By Raul Vasquez
Eastern Group Publications
In most every way, they were as close as they had ever been. When Mexican President Vicente Fox joined his American counterpart George Bush in Washington, D.C. on September 5 and 6 of 2001, an enveloping giddiness permeated cross-border relations, as was evidenced by their joint communiqué on September 6.
“Both Presidents agreed that U.S.-Mexican relations have entered their most promising moment in history,” said the joint statement. “Our governments are committed to seizing the opportunities before us in this new atmosphere of mutual trust. The depth, quality and candor of our dialogue is unprecedented. It reflects the democratic values we share and our commitment to move forward boldly as we deepen this authentic partnership of neighbors.”
But then, within days of the memo, September 11 happened. And after that came America’s wars: first in Afghanistan, which Mexico supported, followed by Iraq, which Mexico boldly and crucially opposed.
In the meantime, new “homeland security” measures in the U.S. targeting immigrants have further strained U.S.-Mexico relations, as well as diminished the latter’s hopes for a new blanket amnesty for nearly 3 million Mexican undocumented workers living in the U.S.
Just last month, U.S. Ambassador to Mexico Tony Garza said Mexico’s opposition to the Iraq war in the United Nations made it harder to come to any favorable agreement for Mexico on the amnesty issue. And two weeks ago, investigations discovered that the Justice Department paid tens of millions of dollars to buy personal data, including DNA and bank account numbers, of every Mexican (presumably, “potential immigrants”) living in Mexico an act that clearly violates Mexican laws.
While it’s easy for some to disregard Mexico as an “insignificant” partner, the bonds between these two neighbors are as real and profound as they are complex. In 1999, Mexico surpassed Japan to become the U.S.’s second most important trading partner after Canada. And the U.S. desperately needs Mexico’s resources to help stem the flow of illicit drugs, since the majority of heroin, methamphetamine and marijuana consumed in the U.S. comes from its neighbor to the south. The U.S. also continues to court Mexico as a partner in its diplomatic war against Cuba’s government, despite resistance in Mexico to condemn the island nation.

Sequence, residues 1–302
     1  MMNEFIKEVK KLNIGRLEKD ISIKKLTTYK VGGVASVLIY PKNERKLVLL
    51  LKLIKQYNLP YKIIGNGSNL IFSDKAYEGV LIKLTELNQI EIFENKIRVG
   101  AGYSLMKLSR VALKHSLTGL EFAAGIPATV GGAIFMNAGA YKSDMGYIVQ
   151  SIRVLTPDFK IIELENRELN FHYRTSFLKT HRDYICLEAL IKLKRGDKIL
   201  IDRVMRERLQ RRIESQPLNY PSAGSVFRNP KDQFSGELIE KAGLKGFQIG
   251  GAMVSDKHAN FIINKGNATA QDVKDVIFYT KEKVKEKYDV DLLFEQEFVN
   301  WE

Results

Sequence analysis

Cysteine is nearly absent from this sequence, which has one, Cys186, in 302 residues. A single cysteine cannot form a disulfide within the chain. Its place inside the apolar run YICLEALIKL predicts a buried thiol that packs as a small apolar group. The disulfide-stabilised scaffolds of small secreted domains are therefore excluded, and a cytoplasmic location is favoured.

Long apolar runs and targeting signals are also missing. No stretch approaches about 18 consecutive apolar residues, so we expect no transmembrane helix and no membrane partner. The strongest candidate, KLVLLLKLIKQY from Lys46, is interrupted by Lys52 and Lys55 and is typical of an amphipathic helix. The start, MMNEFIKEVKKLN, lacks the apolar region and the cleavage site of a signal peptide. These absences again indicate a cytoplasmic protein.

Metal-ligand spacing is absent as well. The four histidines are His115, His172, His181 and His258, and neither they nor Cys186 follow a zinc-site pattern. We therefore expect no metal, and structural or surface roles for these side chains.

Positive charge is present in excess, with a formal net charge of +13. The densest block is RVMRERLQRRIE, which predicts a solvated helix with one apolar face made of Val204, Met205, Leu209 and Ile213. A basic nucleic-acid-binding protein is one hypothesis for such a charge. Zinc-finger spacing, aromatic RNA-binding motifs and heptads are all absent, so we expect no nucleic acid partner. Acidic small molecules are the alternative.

Today the official public relations line coming out of government officials on both sides of the border is that they will “continue working closely” to “further improve relations.”
But behind the vague diplomatic language, it may well be that the summit in Washington, D.C., in the days before the worst terrorist attacks to date that so changed the world, also marked the high water point of relations between the U.S. and Mexico for years to come. In the United States, many influential Americans are consumed with events in the Middle East and don’t even consider it a possibility of granting amnesty to undocumented workers over half of whom come from Mexico despite what the Mexican government may want. Simultaneously, a growing number of influential Mexican intellectuals such as Carlos Fuentes are calling on the Mexican government to start looking to Latin America rather than to the U.S. as they have for over a decade to strengthen ties with.
“I’ve always said that the border between Mexico and the U.S. isn’t just the border between Mexico and U.S., it’s the border between the U.S. and Latin America, which begins with Mexico,” said Fuentes. “That means that the closer we become with our Latin American neighbors, the stronger we will become as a nation.”